Here we go again. Another slap in the face to firefighters from those who are supposed to have their best interest at heart.
Some of you may have missed it; for some reason it didn’t grab as much attention as putting a line through the window of a car that’s in front of a fire hydrant (yes, I loved that too!). This story out of Fayetteville, North Carolina, hit the media a week or so ago, so let’s set it up and sorry for the delay. I had to take a day or two and calm down.
It’s budget hearing time in Fayetteville. Our favorite time of the year, where we go in and justify and defend what we already have and why we have it and then try to make an argument for more or simply better equipment, maybe additional staffing, improvements to a firehouse, a few more tools, EMS supplies, and a few other things. You know, the kind of things that, well, help us to help those whom the elected officials asked us to help and take care of. We said yes, we will do whatever we can, even if it means putting it all on the line and risking not going home to our loved ones. Yeah, those little things that make it possible for us to accomplish our mission. And God forbid we ask for a pay raise or an additional benefit for those who agreed to take care of those whom they asked us to take care of so, we can have a safer community, and actually pay our bills, put food on the table, and money into a college fundâ€¦yes, that stuff, too!
Stop here for a point. We all know that those who chose a career in public safety did so knowing that in many places the pay wasn’t great; to be quite honest, to many of us it didn’t matter. We chose it because we wanted to help people. To be there for them during those bad times and, most importantly, to be there for them before they happen, through good, proactive community risk reduction programs. Yes, it was our choice, but like those in the private sector who were choosing a career, we were hoping to end up with some decent benefits and pay. No different. Nothing out-of-this-world and unreasonable. If that were true, we’d chose another profession. We were hoping for, you know, a way to raise a family and contribute to society and this great country of ours. I just don’t understand that when those in the fire service ask for a raise or a bump in benefits, it’s often met with sarcasm, a rolling of the eyes, an argument, and, oh yeah, aâ€ jokeâ€ (as it was later referred to in Fayetteville–see article http://www.fayobserver.com/news/local/fayetteville-firefighters-get-apology-from-city-manager-for-unfortunate-remarks/article_5c527fb6-eeeb-5ba7-94e6-f12aaa607a9b.html?mode=jqm ). So yes, we did it–we took the job knowing that there were no guarantees.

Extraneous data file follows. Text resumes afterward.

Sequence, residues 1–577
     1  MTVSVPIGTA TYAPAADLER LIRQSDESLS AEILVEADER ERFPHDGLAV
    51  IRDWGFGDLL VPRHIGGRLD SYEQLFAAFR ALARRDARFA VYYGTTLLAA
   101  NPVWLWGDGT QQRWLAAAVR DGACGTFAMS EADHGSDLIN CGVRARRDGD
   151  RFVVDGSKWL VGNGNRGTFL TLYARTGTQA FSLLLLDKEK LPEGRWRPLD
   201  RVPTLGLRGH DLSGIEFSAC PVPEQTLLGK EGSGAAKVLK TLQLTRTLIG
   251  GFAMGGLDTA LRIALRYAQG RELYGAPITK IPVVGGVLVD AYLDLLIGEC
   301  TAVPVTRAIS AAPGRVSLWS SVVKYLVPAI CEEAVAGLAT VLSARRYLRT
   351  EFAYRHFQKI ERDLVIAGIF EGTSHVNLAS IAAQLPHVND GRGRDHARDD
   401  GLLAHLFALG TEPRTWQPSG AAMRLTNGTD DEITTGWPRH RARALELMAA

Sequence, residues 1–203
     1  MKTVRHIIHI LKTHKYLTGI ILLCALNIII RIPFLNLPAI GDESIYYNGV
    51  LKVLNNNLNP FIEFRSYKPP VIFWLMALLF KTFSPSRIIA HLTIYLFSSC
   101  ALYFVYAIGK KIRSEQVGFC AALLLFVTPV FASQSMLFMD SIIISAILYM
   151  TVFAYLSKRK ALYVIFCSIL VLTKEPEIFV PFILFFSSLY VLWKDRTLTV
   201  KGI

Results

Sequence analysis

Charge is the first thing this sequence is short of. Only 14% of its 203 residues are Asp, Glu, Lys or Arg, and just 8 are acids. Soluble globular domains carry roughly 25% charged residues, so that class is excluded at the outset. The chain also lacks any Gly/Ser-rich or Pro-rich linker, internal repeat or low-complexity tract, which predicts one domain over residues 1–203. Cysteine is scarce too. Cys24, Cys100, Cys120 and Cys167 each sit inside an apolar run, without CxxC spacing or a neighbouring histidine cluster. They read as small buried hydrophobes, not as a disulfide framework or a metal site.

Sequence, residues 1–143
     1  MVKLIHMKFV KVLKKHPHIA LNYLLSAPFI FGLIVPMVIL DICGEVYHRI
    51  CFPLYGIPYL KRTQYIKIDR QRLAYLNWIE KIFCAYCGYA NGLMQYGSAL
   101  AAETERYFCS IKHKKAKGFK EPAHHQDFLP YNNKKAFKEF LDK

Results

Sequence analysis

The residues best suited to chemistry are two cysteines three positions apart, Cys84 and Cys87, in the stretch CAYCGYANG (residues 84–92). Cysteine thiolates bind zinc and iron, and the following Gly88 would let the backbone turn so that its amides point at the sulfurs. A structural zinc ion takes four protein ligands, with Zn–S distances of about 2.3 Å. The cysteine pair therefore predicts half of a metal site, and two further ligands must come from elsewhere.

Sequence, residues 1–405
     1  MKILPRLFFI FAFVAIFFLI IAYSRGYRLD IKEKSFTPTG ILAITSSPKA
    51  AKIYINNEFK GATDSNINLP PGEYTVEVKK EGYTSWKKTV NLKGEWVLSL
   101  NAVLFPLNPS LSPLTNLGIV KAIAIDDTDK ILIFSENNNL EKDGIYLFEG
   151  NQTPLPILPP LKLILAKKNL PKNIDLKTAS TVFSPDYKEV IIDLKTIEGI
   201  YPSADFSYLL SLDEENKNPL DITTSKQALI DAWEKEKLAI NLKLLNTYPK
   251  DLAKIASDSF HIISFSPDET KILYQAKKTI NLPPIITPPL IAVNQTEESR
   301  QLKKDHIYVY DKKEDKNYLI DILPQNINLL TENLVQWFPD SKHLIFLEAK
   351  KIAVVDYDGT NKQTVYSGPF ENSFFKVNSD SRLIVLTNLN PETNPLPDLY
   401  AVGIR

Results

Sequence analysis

Sorry, back to Fayetteville. So here they are, sitting through the budget hearing, I’m sure listening to where the funding is being distributed to different departments, programs, and initiatives, and waiting to see what the fire department is going to get. Maybe a new engine, new PPE, maybe a radio or two, a station remodel, you know, the â€œstuffâ€ we need to take care of those whom they asked us to take care ofâ€¦you know, the public. The ones who are counting on us! And then it begins and here we go again. Like has happen in so many other cities, counties, and districts, those making the decisions, the policy makers, those who actually control the purse strings, get their underwear all knotted up about those pesky firefighters â€œwho have too much.â€
Please understand that I had the opportunity to work for some great mayors, city council members, and brilliant (and I do mean brilliant) city managers, so I know I have been blessed because that’s not the way it is for many, that’s not their reality. They don’t work for comedians, they work for leaders. Our bosses were good at explaining where the money came from and that running a city is like running a corporation, with needs and wants from all of the departments. There is a balancing act that at times may not come off as favorable to a particular department, but that is the reality when dealing with revenue streams, the economy, and unfunded mandates. So I get it. We’re (the fire department) not the only show in town, we’re part of a bigger team that serves those out there, the public, in all areas and on all levels. I get it.